Iran’s Boiling Point, About to Get Worse

By: Denise Simon | Founders Code

For 6 days in a row, demonstrators against the Iran regime are demanding regime change. There is hardly any gas for 6,000 bus drivers in Tehran. There are curfews and people are being shot while others are being arrested. The country currency, the rial, has continued to plunge in value and food is being rationed.

After passing a 90-day mark on Aug. 6, the following sanctions will snap back on Iran, according to the Treasury Department:

  • Sanctions on Iran buying or acquiring U.S. dollars
  • Sanctions on Iran trading gold and other precious metals
  • Sanctions on Iran’s sale, supply or trade of metals such as aluminum and steel, as well as graphite, coal and certain software for “integrating industrial processes”
  • Sanctions on “significant” sales or purchases of Iranian rials, or the maintenance of significant funds or accounts outside the country using Iranian rials
  • Sanctions on issuing Iranian debt
  • Iranian auto sanctions

The U.S. will also revoke certain permissions, granted to Iran under the deal, on Aug. 6. These include halting Iran’s ability to export its carpets and foods into the U.S., as well as ending certain licensing-related transactions.

At the end of the 180-day interval on Nov. 4, another set of sanctions will once again be clamped down on Iran:

  • Sanctions on Iran’s ports, as well as the country’s shipping and shipping sectors
  • Sanctions on buying petroleum and petrochemical products with a number of Iranian oil companies
  • Sanctions on foreign financial institutions transacting with the Central Bank of Iran and other Iranian financial institutions
  • Sanctions on the provision of certain financial messaging services to Iran’s central bank and other Iranian financial institutions
  • Sanctions on the provision of underwriting services, insurance, or reinsurance
  • Sanctions on Iran’s energy sector

The following day, on Nov. 5, the Trump administration will disallow U.S.-owned foreign entities from being allowed to engage in certain transactions with Iran. Sanctions on certain Iranian individuals will also be re-imposed on Nov. 5.

Read the Treasury’s full guide to the re-imposition of Iran nuclear deal sanctions here.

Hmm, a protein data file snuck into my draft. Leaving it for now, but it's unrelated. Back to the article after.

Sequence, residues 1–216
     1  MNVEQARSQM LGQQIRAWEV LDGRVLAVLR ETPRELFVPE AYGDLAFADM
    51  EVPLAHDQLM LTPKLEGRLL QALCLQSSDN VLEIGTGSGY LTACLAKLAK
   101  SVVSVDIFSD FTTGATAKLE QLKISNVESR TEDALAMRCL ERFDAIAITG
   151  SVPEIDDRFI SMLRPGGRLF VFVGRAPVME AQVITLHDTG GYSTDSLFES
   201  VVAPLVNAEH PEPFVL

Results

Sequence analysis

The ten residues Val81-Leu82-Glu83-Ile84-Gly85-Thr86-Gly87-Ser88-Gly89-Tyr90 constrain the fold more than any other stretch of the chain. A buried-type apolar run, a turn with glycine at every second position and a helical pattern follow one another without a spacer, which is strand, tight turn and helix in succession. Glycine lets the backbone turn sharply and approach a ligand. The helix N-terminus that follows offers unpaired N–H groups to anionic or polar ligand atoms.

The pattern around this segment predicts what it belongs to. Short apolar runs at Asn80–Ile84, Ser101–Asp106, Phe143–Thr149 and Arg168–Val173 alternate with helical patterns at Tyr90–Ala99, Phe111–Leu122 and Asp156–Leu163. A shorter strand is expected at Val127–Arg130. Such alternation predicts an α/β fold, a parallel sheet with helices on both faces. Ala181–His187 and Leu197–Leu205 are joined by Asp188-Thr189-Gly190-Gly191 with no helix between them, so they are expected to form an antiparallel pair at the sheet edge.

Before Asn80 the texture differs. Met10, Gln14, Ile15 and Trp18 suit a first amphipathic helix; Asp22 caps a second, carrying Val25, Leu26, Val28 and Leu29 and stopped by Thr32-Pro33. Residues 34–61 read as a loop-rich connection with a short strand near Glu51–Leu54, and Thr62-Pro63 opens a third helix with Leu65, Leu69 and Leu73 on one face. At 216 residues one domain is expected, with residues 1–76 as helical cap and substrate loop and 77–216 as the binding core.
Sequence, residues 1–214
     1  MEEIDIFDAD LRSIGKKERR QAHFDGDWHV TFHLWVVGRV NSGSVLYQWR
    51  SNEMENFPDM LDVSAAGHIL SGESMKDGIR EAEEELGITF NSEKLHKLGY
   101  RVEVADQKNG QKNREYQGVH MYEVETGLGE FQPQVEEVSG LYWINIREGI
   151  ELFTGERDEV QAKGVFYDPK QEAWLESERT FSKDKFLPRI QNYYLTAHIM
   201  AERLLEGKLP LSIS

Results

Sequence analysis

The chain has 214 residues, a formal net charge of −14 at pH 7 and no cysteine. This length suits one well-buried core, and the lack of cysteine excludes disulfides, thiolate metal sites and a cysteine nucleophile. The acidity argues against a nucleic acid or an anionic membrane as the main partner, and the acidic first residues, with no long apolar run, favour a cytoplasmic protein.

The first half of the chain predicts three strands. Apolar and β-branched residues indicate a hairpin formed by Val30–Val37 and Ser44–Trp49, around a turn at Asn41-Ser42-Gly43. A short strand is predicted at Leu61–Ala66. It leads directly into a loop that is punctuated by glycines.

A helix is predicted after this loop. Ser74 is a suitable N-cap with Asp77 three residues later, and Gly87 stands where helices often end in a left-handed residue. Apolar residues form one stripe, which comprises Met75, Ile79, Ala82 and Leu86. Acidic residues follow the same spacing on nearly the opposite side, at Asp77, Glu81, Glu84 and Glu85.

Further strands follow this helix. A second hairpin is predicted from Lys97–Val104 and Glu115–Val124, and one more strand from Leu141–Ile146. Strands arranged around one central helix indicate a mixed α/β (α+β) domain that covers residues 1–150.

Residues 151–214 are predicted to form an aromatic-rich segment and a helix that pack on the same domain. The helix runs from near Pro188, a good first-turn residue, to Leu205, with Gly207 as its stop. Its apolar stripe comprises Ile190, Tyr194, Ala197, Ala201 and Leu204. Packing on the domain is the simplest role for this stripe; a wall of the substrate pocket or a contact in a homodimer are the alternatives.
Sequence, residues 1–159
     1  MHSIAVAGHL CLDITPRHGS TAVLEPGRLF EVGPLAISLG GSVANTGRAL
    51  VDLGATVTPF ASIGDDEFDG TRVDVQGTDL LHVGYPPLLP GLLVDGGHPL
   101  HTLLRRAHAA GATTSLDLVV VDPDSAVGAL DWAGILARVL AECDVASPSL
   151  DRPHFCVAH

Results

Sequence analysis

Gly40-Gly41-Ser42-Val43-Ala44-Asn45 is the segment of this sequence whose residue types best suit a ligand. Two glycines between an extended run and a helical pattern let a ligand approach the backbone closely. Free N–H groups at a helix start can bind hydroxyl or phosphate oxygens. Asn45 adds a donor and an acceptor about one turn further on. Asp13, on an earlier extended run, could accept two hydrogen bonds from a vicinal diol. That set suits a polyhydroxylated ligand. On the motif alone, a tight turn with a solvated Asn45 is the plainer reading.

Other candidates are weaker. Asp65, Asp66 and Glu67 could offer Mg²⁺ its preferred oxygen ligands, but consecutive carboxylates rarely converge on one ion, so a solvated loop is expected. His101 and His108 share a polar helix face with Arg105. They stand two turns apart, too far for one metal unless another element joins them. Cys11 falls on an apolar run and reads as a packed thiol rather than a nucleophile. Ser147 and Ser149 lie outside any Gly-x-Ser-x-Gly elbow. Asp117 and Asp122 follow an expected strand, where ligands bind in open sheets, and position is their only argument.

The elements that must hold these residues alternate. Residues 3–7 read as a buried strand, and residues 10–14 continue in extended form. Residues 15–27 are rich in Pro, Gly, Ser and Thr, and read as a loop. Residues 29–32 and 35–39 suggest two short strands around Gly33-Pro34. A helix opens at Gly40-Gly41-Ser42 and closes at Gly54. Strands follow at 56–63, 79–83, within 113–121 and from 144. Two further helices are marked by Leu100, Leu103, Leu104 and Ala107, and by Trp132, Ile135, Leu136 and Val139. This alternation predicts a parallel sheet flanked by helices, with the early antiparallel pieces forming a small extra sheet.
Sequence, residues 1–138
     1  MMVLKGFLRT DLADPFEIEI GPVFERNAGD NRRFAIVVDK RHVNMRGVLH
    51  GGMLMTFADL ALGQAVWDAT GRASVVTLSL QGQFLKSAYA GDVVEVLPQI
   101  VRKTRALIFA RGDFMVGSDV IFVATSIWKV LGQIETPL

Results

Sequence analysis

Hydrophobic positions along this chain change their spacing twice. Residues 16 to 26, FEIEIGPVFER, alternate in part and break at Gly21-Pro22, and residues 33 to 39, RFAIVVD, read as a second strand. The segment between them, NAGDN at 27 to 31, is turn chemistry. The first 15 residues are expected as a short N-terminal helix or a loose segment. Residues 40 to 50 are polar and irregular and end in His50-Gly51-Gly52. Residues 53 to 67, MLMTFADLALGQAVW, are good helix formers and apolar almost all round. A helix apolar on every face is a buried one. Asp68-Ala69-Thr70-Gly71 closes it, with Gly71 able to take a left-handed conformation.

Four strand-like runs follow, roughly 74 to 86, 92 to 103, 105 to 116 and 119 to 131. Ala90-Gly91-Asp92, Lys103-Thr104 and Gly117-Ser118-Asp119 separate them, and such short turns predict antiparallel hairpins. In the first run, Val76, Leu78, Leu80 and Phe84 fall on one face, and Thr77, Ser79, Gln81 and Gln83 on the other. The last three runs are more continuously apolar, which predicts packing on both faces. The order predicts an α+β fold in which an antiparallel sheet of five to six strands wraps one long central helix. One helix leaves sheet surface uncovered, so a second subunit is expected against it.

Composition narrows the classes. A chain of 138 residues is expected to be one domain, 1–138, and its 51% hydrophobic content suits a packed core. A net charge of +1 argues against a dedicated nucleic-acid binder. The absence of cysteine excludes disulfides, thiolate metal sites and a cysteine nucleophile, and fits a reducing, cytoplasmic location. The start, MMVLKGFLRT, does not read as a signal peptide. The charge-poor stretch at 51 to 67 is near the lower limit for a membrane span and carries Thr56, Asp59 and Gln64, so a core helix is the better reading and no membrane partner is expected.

Meanwhile:

LONDON/ANKARA(Reuters) – An English court has cleared the way to consider whether it will allow the families of some of those killed in the Sept. 11, 2001 attacks on the United States to make a claim on Iranian assets in Britain.

The relatives want the English High Court to enforce a 2012 decision by a U.S. court which found there was evidence to show that Iran provided “material support and resources to al Qaeda for acts of terrorism”. The militant group carried out the attacks.

The New York court awarded the plaintiffs damages of over $7 billion. Iran denies any links to Al Qaeda or any involvement in the 9/11 attacks.

If the English court agrees to enforce the ruling, it could clear the way for assets in England and Wales to be frozen or seized. Iranian assets in England include a central London building and funds held by two subsidiaries of state-owned banks. This could add to Tehran’s troubles as it tries to stave off a financial crisis.

The June 8 ruling by a judge after a hearing in the English High Court removed an obstacle that was holding up the process.

The law requires the UK’s Foreign Office (FCO) to formally serve the legal papers to Iran’s Ministry of Foreign Affairs (MFA) before the enforcement proceedings can begin. A British official said it was routinely difficult to deliver papers to the MFA, according to FCO correspondence seen by Reuters. An FCO official declined to comment.

The judge ruled it was sufficient to try to notify them through other communication such as email or post.

That decision has unblocked the process. The plaintiffs will now ask a judge at the High Court in the next few months to consider whether the New York ruling can be entered as a judgment in English law, said their lawyer Natasha Harrison, a partner at the London office of Boies Schiller Flexner. The judgment could then be enforced, she said. This would mean assets could be frozen or seized.

An Iranian official said: “Iran will take all the necessary measures to stop it.”

An Iranian foreign ministry official said the June ruling was “fabricated” and “politically motivated”.

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